More likely, I think, is that Littlefinger harbors a grudge with all the Great Houses. After all, he lost Cat to the heir of House Stark. But even with House Stark all but extinguished, his machinations continue. Which hints that his revenge plot (if it does indeed exist) encompasses all the families that have looked down on him in the past.

share|improve this answer
    
Excellent answer! How do you think that Tyrion fits in here, though? Is that just another part of his revenge against the other great houses? –  Justin Ethier Feb 18 at 4:06
    
@JustinEthier - I don't think Tyrion is an active part of Littlefinger's plans, not anymore at least. –  System Down Feb 18 at 4:54
    
This post lacks spoiler tags. –  Mkalafut Apr 29 at 16:30
    
@Mkalafut - The answer doesn't contain anything that people who have watched the Purple Wedding and it's aftermath haven't seen/known about. So I don't think spoiler tags are necessary. –  System Down Apr 29 at 16:32

Most things Littlefinger does, he does for a very good reason. This one however, he claims he does because he has no motive. However, I think he does have a fairly obvious motive: revenge.

The woman he has loved all his life was killed during the Red Wedding, stripped naked and flung to rot in a river in mockery of her heritage. Somebody with as many informants as Littlefinger would surely be as quick to figure out that the Lannisters were involved as Tyrion himself.

Assisting in the assassination of Cersei's lovely son makes for a sweet revenge.

share|improve this answer
2  
I agree that's a good reason for him to go ahead with it, but Dontos (LF's agent) gives Sansa the purple hair net all the way back in ACOK Chapter 65. –  Justin Ethier Feb 17 at 22:14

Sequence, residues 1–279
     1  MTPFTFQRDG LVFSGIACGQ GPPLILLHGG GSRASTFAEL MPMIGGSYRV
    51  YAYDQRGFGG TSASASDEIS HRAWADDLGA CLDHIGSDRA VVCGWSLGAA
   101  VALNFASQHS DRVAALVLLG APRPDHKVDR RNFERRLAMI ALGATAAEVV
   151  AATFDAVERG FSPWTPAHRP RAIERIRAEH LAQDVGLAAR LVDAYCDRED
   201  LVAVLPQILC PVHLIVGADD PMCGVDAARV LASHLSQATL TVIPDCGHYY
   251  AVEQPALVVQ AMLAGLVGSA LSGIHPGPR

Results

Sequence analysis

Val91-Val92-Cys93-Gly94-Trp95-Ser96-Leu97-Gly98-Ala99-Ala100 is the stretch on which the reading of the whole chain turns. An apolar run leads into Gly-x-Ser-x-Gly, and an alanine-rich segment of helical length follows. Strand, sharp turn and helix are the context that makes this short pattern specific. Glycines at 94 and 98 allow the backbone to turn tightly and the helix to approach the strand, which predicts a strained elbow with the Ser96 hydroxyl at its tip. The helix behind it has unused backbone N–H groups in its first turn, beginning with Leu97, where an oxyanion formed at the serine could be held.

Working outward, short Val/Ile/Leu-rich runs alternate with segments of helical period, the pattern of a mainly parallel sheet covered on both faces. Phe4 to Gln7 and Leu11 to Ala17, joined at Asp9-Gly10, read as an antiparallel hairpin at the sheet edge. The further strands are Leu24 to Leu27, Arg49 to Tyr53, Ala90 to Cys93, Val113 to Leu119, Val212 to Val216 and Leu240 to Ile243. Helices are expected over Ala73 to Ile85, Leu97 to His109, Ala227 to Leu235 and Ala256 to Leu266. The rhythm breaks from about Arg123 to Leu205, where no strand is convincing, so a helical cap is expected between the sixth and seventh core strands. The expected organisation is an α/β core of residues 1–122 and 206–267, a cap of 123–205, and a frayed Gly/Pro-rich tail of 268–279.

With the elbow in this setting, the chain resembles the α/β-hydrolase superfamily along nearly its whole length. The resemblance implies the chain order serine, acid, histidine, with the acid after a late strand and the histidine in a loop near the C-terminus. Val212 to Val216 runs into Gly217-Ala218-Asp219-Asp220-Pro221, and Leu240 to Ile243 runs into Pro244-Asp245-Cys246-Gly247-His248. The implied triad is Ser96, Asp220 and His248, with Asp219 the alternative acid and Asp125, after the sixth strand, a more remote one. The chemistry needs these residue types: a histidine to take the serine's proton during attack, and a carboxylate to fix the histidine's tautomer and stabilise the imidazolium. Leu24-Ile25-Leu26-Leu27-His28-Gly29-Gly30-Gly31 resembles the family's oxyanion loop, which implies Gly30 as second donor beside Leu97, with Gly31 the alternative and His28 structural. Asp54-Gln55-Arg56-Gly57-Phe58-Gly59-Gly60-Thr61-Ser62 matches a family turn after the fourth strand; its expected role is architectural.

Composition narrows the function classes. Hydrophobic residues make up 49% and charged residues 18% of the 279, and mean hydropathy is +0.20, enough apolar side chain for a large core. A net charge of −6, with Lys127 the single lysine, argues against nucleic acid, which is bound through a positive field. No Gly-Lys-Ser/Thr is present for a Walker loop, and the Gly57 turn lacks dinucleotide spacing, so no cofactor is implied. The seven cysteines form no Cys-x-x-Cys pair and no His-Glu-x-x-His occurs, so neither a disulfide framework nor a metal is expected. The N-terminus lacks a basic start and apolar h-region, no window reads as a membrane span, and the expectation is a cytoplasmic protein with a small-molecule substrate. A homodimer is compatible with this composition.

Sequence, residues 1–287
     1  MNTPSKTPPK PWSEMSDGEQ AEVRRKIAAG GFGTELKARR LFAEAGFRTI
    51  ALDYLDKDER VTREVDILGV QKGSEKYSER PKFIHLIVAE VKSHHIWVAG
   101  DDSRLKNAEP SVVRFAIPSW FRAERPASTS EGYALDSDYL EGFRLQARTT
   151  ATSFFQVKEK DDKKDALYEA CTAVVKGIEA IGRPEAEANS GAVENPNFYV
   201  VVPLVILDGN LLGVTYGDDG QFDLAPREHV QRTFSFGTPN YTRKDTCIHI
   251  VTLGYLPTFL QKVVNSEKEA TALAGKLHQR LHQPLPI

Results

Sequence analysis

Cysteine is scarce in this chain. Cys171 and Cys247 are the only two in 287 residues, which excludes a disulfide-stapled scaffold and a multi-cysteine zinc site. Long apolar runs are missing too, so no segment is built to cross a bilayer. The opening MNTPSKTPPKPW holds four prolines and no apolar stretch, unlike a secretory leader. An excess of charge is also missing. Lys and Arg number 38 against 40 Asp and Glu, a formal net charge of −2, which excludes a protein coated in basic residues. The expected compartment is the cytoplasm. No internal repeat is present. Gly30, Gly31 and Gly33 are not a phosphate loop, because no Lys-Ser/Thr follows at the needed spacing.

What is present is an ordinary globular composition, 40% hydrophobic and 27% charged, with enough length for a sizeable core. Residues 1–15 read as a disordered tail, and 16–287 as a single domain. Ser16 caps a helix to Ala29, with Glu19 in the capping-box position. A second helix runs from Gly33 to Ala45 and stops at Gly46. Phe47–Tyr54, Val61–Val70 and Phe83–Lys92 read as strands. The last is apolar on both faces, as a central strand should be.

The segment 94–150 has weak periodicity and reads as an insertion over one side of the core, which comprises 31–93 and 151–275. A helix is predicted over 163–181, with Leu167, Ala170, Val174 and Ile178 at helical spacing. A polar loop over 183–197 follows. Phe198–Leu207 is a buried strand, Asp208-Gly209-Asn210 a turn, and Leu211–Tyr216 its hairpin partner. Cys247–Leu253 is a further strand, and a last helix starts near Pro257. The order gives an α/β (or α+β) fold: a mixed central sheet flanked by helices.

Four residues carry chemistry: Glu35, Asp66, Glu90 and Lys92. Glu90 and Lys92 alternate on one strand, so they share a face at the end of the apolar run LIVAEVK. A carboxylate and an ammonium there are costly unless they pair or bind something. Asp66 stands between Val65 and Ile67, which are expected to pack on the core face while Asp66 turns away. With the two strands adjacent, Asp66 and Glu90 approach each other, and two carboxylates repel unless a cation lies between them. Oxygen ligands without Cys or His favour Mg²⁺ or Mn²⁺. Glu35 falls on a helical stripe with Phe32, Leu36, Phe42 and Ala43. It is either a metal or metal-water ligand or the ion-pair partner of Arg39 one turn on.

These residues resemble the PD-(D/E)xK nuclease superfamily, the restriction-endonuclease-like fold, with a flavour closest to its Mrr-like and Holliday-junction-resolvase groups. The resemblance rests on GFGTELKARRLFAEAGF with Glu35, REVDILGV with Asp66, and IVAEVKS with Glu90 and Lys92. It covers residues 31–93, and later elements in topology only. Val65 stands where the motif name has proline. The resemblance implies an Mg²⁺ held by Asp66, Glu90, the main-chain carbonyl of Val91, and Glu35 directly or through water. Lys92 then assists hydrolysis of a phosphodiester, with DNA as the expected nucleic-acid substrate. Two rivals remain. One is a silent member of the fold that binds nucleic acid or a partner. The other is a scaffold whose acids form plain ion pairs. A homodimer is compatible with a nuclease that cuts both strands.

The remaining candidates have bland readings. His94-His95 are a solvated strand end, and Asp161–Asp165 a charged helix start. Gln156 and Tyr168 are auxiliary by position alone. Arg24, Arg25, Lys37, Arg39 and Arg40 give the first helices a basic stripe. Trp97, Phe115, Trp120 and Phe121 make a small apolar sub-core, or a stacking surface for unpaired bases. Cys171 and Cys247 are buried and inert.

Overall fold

1  
I don't think revenge fits. It was Tywin Lannister, Walder Frey and Roose Bolton that were responsible for the Red Wedding. Killing Joffrey will not hurt Tywin at all, in fact, he might see it as a good thing, something he might consider doing himself. I've actually speculated about Tywin as Joffrey's assassin, from when he says to Tyrion that Joffrey requires a "sharp lesson". –  TLP Feb 18 at 0:08
    
Also, LF claims to have started to spread rumours about Joffrey already when he went to the Tyrells to negotiate the marriage. Back then, Cat was still alive. –  TLP Feb 18 at 0:24
1  
I disagree that it could have been Tywin. Tywin has extremely high regard for his family. If he was ever willing to kill a family member, he would have killed Tyrion ages ago, due to his drunkenness, whoring and that Tyrion was "responsible" for the death of his mother during child birth, the love of Tywin's life. –  Jeff Feb 18 at 13:20
1  
Tywin was not opposed to Tyrion's whoring, he was opposed to him doing it publicly. It's all in the details. Remember Shae in Tywin's bed? Remember a certain secret exit out of a whore house, which Varys said was built to accommodate another Hand whose honour did not allow him to be seen at a brothel? Besides, Tyrion was not about to cost him and house Lannister the crown and all their lives. Tywin has regard for his family's honour, not their persons. –  TLP Feb 19 at 0:25

Your Answer

 
discard

By posting your answer, you agree to the privacy policy and terms of service.

Not the answer you're looking for? Browse other questions tagged or ask your own question.